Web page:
Anecdote: A man at a bus stand tells me he wants to learn English. I ask him why. He says, in English, "I want to survive."
My neighbor the other day said something I really liked. "We are just passengers in life." I made the mistake of telling him that I didn't believe in God, which is basically inconceivable to most Tanzanians, and he was trying to convince me there was one. His comment was in reference to the afterlife. But I think his comment could also have a much different meaning, referring to how little in life we have control over, ie where we are born, who our families are, our sex, our skin color, etc.
Before I did Peace Corps I wondered what a typical day was like for a volunteer. Well, I don't really have a typical day, but here are some thing that happen on a daily or regular basis:
-Boil drinking water
-Heat water for bathing
-Get neighbors to remove a large insect from my house that I am terrified of
-Block door so mice don't get in, and/or chase mice out of house at night with broom and headlamp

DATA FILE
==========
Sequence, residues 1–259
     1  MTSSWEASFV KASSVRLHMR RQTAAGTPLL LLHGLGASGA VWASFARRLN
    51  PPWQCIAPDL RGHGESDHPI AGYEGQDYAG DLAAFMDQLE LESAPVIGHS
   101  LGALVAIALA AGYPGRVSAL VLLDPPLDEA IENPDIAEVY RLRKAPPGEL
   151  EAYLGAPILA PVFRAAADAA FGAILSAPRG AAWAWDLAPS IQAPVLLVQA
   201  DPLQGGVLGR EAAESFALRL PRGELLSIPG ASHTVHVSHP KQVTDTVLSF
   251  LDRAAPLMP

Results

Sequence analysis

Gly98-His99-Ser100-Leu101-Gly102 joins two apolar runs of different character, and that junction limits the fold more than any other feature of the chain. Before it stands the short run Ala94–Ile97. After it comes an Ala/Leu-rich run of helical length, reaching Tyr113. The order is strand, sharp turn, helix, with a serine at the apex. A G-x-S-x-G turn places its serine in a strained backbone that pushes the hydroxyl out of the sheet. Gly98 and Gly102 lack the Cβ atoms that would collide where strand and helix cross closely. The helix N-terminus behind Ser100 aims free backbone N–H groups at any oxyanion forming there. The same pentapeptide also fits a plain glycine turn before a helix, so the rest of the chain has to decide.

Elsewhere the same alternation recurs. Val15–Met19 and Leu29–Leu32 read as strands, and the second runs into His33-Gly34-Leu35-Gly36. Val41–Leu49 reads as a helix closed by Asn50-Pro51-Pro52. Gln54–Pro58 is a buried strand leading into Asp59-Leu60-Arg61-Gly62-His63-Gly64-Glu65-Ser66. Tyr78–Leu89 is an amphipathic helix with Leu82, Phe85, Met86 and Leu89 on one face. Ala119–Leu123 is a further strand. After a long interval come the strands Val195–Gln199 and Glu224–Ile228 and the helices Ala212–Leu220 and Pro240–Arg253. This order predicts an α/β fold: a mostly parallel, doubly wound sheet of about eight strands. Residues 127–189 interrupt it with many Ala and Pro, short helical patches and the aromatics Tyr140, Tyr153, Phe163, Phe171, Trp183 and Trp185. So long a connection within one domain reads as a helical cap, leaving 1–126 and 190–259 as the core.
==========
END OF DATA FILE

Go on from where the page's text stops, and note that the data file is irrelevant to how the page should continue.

-Sit on my porch and hang out with other teachers from the secondary school
-Children stare at me, chase me while on my bike, and/or run away from me in terror
-Once a week, I ask people in my village to bike 1 km to my house with 5 buckets (100 liters) of water, for which I will pay them about 70 cents. Then I get angry and haggle with them when they try to charge me 1000 shillings (about a dollar). Then after we have agreed on a price and they say they are going to bring it, they don't always show up.
-People laugh at me
-I agree to things I don't understand or only half understand
Things I would like to teach Tanzanians about, in addition to HIV/AIDS/Health education:
-Basic geography: ie America is not located in Europe or Asia, and George Bush is not the president of North and South America